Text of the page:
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Science. 2005 Jun 3;308(5727):1456-60.

Gender-specific reproductive tissue in ratites and Tyrannosaurus rex.

Author information

1
Department of Marine, Earth, and Atmospheric Sciences, North Carolina State University, Raleigh, NC 27695, USA. schweitzer@ncsu.edu

Abstract

Unambiguous indicators of gender in dinosaurs are usually lost during fossilization, along with other aspects of soft tissue anatomy. We report the presence of endosteally derived bone tissues lining the interior marrow cavities of portions of Tyrannosaurus rex (Museum of the Rockies specimen number 1125) hindlimb elements, and we hypothesize that these tissues are homologous to specialized avian tissues known as medullary bone. Because medullary bone is unique to female birds, its discovery in extinct dinosaurs solidifies the link between dinosaurs and birds, suggests similar reproductive strategies, and provides an objective means of gender differentiation in dinosaurs.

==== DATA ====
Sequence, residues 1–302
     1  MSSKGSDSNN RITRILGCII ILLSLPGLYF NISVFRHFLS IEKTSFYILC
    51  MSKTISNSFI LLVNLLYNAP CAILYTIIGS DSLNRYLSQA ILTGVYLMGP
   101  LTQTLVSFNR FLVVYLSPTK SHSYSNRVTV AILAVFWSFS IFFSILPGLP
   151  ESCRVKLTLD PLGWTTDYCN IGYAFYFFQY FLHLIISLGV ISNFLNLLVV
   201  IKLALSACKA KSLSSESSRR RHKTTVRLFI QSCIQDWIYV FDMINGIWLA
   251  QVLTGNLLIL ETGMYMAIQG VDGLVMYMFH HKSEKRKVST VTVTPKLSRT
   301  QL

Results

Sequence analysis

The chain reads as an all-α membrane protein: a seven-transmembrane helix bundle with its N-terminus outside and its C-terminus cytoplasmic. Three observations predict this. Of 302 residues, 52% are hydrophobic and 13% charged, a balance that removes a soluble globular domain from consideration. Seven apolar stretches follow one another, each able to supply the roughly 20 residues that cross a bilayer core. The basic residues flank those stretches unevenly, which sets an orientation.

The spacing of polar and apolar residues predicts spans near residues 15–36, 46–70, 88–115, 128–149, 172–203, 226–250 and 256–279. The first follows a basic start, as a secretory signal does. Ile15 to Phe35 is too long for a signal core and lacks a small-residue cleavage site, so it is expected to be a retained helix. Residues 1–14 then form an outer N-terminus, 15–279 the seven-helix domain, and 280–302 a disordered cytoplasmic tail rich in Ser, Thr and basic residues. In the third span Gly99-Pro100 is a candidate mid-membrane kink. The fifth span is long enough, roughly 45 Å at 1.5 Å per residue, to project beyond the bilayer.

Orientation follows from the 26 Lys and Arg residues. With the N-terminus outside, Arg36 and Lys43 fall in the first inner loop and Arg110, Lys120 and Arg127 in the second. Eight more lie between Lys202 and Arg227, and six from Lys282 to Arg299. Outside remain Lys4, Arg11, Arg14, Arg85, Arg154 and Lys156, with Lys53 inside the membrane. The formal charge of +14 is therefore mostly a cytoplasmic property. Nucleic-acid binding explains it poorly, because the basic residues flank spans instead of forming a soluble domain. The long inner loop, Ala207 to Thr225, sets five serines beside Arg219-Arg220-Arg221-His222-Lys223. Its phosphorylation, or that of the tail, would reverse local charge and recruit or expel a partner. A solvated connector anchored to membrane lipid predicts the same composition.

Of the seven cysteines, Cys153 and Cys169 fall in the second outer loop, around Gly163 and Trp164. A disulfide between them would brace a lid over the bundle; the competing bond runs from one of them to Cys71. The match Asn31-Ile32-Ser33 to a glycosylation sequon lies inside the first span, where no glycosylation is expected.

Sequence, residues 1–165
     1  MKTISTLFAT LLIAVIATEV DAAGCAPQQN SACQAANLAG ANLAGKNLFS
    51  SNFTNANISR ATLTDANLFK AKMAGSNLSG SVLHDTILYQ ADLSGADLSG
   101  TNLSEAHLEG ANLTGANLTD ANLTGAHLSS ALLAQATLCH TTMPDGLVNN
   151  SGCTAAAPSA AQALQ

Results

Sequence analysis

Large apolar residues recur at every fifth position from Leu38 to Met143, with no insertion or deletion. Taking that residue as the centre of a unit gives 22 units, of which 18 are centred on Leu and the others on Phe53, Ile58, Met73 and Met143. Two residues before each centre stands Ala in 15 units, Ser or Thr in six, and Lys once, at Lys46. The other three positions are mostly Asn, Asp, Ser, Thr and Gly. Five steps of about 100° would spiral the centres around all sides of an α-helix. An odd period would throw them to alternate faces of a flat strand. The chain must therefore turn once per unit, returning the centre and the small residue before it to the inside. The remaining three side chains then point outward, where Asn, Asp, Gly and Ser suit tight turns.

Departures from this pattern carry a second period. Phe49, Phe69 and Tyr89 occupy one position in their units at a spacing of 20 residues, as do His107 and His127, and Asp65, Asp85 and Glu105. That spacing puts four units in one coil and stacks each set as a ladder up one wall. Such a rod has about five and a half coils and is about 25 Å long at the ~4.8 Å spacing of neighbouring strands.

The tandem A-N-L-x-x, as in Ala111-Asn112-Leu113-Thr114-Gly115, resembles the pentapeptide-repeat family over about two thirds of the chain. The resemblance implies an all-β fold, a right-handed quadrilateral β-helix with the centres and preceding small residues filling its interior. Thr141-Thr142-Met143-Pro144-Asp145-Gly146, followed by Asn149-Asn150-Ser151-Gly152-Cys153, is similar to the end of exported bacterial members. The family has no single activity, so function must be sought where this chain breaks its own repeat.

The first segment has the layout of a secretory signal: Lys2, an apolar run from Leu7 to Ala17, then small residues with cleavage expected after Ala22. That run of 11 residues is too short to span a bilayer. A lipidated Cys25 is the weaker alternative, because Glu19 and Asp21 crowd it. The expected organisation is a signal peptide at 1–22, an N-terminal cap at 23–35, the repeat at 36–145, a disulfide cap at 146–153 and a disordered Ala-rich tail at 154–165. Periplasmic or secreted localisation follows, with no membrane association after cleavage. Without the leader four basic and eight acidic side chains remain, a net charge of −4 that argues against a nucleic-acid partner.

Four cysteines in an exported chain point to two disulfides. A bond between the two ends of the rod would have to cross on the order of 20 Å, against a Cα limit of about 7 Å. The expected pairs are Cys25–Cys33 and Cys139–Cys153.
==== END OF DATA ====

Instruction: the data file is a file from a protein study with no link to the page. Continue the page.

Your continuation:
PMID:
15933198
DOI:
10.1126/science.1112158
[Indexed for MEDLINE]
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